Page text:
Jan. 6th, 2006
Chung Myeong Hee, Chairman of the SNU Investigation Committee
The Seoul National University Investigation Committee, initially organized to investigate the claims of scientific misconducts associated with the research article published in 2005 in the journal Science by Professor Woo Suk Hwang and co-workers (Hwang et al., 2005), expanded its scope of investigation to determine the facts and truth regarding another article in the same journal published in 2004, the cloned dog, Snuppy, the technical expertise of Professor Hwang's research team, and the process of obtaining human eggs.
Today we submit the final report based on our investigative effort from December 15th of 2005 to January 9th of 2006. Here is a brief summary of our report.
1. 2005 Science paper
(Hwang WS, Roh SI, Lee BC, Kang SK, Kwon DK, et al. 2005. Patient-specific embryonic stem cells derived from human SCNT blastocysts. Science 308: 1777-1783)
This article claimed that 11 human embryonic stem cell lines have been established through transfer of somatic cell nuclei. In interim reports we issued previously, we already reported that data from only two embryonic stem (ES) cell lines have been used for this publication and that even these two lines are not derived via somatic cell nuclear transfer (SCNT) but from in vitro fertilized (IVF) eggs. The stem cells that Professor Hwang claims to have created subsequent to the 2005 publication were also turned out to have originated from frozen fertilized eggs and not from cloned blastocysts. The data in 2005 article including test results from DNA fingerprinting, photographs of teratoma, embryoid bodies, MHC-HLA isotype matches and karyotyping have all been fabricated. The method and process of fabrication are described in the report. In conclusion, the research team of Professor Hwang does not possess patient-specific stem cell lines or any scientific bases for claiming having created one.
2. 2004 Science paper
(Hwang WS, Ryu YJ, Park JH, Park ES, Lee EG, et al. 2004. Evidence of a pluripotent human embryonic stem cell line derived from a cloned blastocyst. Science 303: 1669-1674)
The investigation on the 2004 Science paper in which the establishment of the first human ES cell line from cloned blastocyst was reported was initiated in response to various doubts raised on photographs of the cells and results from DNA fingerprinting analyses.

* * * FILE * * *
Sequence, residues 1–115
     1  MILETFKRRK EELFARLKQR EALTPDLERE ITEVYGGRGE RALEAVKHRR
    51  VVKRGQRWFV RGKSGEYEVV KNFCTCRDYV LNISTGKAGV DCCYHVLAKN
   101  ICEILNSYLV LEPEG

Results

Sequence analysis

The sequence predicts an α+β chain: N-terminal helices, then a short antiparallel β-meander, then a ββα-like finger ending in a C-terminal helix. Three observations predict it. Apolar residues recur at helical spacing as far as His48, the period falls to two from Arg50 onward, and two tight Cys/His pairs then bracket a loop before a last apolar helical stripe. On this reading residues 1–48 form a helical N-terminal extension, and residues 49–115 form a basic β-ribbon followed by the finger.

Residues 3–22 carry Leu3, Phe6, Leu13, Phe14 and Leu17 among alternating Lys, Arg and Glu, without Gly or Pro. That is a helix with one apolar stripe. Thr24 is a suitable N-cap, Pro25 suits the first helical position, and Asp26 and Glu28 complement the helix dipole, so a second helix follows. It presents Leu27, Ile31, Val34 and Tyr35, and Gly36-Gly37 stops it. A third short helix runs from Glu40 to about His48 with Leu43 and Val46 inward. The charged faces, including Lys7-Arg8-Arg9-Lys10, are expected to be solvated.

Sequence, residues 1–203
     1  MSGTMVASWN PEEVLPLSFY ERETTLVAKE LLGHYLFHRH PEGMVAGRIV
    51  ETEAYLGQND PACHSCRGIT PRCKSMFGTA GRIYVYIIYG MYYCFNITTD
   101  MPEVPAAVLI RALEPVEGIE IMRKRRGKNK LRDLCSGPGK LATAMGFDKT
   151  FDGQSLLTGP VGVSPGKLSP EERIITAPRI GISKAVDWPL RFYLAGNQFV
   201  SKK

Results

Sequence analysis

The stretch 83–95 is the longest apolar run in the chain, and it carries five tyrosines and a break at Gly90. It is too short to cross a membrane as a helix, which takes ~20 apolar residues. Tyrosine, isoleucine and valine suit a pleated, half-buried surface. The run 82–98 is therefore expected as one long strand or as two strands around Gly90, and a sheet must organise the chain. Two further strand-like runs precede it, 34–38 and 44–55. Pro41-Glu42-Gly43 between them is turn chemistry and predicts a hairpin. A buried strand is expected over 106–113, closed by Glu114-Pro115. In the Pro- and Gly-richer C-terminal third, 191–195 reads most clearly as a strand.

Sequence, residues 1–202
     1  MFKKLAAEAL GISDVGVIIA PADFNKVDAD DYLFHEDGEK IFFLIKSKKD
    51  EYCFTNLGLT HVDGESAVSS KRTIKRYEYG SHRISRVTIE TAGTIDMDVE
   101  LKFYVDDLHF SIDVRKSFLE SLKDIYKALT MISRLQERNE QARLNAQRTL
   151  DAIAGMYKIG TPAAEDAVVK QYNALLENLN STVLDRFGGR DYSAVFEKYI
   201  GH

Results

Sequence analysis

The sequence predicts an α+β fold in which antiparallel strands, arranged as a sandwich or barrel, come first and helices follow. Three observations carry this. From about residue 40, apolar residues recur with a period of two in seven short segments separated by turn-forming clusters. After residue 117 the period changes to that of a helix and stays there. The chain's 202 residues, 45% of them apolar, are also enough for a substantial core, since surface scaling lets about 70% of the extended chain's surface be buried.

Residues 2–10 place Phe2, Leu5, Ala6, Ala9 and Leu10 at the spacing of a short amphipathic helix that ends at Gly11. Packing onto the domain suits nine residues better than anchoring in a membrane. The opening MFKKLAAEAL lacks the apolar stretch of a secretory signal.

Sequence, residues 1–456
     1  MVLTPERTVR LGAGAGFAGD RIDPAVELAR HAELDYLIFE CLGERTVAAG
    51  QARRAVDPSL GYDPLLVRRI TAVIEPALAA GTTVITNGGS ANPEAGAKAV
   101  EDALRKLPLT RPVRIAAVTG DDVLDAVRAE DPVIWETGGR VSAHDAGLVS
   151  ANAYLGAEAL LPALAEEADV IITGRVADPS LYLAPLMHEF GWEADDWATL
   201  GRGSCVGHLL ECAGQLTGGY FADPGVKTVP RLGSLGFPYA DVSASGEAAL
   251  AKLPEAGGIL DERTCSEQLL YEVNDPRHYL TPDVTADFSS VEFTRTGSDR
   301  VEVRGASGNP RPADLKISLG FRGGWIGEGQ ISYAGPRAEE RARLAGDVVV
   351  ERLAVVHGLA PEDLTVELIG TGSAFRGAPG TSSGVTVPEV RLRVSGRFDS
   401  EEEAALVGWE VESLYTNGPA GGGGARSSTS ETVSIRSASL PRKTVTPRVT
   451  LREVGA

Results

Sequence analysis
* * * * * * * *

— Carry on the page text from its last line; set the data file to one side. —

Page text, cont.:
The committee has undertaken DNA fingerprinting analyses on the samples obtained from the ES cell line in question (NT-1), teratoma allegedly derived from NT-1, and the donor (donor A) of the egg and somatic cell. The DNA samples for the ES cell line included those from 20 subcultured NT-1 cell lines in culture or in frozen state from Professor Hwang's laboratory, one deposited to the Korean Cell Line Bank for the purpose of securing a patent, one maintained in Professor Shin Yong Moon's laboratory at SNU, and one maintained in the MizMedi Hospital. The 23 samples were examined by three independent test centers, and all three centers have obtained identical results.
The teratoma, the cell line deposited in the Korean Cell Line Bank, and the cell lines maintained in Professor Moon's laboratory and in the MizMedi Hospital all showed an identical fingerprinting pattern. Among the twenty independent subcultures from Professor Hwang's laboratory, nine produced the identical pattern to the aforementioned three samples, but the other eleven produced a distinct pattern that was in fact identical to the fingerprinting pattern of MizMedi ES cell line #5 derived from IVF egg. The fingerprinting pattern of NT-1 line is quite distinct from what was reported in the 2004 Science article. While the fingerprinting pattern of the anonymous donor A, the source of the somatic and egg cells according to Professor Hwang's team, was identical to what was reported in the Science article, it was clearly different from that of NT-1 line. Therefore, NT-1 ES cell line was not derived from nuclear transfer using somatic cells from the donor A as claimed in the report.